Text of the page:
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Subject: Define "A Good Game" rss

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Tim Murray
Canada
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Howdy!

Upon writing a reply in the 'what makes your game so special' thread, a thought just hit me: What do we mean when we say a game is "good" or "fun".

Those words are clearly relative...but relative to what? Is a game "fun" if we qualitatively consider it "more fun than the average game in this genre that we've played"?

If we've never played a game of this genre before (or, say it's the first game we've ever played, as a little kid), what barrier does a game need to breach before we'll use the label of "fun" or "good" to describe it? How do we know when to use this label?

I find myself starting to use words like "fun" and "good" when a game makes me go "whoa!" or have some other significant emotional reaction, ideally multiple times while playing. The key for defining "fun" or "good" seems to come down to:
"How often can we cause someone to have an involuntarily positive emotional reaction to what's happening on the table?"
Once a game manages to achieve an intense enough emotional response, or achieve a significant emotional response often enough, the game starts being perceived as "good". This is assuming the emotional response is not simply one of intense frustration, anger or annoyance, but is a

1) Purely Positive:
"Whoa!", "Awesome!", "That combo was insane!", "That worked REALLY well!", hilarious moves by other players, "Good strategy; well played", etc.

2) Constructive:
"Almost got that last card I need...!" or "I just need 1 more turn...!" excitement, anticipation, 'teasing', etc.

There are a huge number of factors that come into play for these emotions to result: Balancing, pacing, interaction, etc. etc.
This post isn't intended to focus on the specific mechanics of games. Rather it is intended to be a discussion on the relative meaning of "fun" or "good" in the context of games.

What do you tend to associate with games that are "good" or "fun"? What makes you use those words when describing a game...or what makes you NOT want to use those words? When do you draw that line? When does a game cross the line between "not fun" and "fun"? "Don't care to play again" or "Want to go again!"? Does the good have to outweigh the bad? How much bad do we tolerate in an activity that is supposed to be "fun"? Why do we tolerate it?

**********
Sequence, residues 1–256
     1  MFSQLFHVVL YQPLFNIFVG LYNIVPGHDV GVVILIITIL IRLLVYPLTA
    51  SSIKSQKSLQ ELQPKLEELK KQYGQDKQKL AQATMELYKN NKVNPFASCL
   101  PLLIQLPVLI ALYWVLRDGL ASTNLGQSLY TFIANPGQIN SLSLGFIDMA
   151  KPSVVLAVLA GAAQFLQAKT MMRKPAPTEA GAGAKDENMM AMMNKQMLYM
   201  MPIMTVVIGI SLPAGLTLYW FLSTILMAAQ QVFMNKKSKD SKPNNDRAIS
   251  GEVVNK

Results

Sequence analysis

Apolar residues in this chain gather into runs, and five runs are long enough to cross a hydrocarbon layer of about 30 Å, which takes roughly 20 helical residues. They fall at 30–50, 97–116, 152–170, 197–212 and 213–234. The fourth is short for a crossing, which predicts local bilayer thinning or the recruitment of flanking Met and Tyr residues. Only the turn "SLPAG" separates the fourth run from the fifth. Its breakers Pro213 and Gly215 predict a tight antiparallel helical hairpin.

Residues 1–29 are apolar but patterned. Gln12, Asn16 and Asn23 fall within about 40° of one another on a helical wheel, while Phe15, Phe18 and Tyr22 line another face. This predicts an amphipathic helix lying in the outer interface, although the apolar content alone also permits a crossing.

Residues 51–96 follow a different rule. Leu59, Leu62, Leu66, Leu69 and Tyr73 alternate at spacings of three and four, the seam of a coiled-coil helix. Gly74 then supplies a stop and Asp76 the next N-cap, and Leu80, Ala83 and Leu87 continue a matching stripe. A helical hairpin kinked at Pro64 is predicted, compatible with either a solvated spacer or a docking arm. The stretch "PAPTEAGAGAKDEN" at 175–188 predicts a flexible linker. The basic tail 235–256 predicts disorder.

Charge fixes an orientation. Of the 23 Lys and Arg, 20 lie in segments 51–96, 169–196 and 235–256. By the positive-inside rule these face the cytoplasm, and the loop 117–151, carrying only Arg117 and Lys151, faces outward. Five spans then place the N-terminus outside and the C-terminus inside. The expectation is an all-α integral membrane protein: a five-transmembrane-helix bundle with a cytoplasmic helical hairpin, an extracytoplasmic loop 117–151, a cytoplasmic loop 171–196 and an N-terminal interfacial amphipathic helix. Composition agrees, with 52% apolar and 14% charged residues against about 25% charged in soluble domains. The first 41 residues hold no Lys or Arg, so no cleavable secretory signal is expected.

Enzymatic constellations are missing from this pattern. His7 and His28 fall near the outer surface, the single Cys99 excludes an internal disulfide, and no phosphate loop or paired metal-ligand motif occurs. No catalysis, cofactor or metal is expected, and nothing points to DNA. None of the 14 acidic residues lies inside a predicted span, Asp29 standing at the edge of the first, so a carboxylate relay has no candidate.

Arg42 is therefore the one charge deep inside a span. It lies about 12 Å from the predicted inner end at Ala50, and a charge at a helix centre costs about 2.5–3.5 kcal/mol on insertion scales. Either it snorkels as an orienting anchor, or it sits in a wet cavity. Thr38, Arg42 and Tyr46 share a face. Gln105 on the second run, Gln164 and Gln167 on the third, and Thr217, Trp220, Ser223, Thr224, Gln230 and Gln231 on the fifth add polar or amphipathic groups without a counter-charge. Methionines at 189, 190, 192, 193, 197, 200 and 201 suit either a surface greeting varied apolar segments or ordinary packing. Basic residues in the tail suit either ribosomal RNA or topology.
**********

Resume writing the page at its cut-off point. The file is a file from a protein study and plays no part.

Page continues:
Just to add on one more question: When designing games, is it your goal to make a game "more fun" than games already in that genre? Do you care? Why?
 
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Brook Gentlestream
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As far as my criteria for a good game, I once suggested that a good game is one that allows players to force their opponent into having to make difficult decisions. The more decisions, and the harder they are, the better your game is.
 
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Christopher Markham
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As far as I know, the test of a good game is "When the game is over, do the players immediately want to play again?". Defining whether or not a game is fun probably falls somewhere in there.
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Jeremy Lennert
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action9000 wrote:
Those words are clearly relative...but relative to what? Is a game "fun" if we qualitatively consider it "more fun than the average game in this genre that we've played"?

Relative to everything else that you could be doing instead.

No one wants to play a game that is less interesting (to them) than the book they're currently reading or the TV show they're watching, no matter how good it is compared to its own genre of board games.
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Brian Fong
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To me:
A game is fun if:
1) I enjoy the player interaction
2) I can see a defined goal
3) The players have fun
4) The theme seems integrated to the play of the game, rather than pasted on.
5) Doesn't make me feel weird after playing

To me a game is good if:
1) There's a group of people that like playing it (not necessarily me)
2) It feels thematically intentional
3) The people playing it have fun
4) It tries to improve the way games are played.
 
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Stephen Williams
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I have no predefined criteria for what constitutes a "good game." I know it when I see it.

I have no desire to establish a set of criteria for what constitutes a "good game." Having a preconceived notion can only serve to restrict my experiences with games that "don't fit."

I know you're just trying to gather people's thoughts on the subject, and I have no desire to hinder those efforts. In my opinion, though, there are some things that work better when you don't think about them. =)
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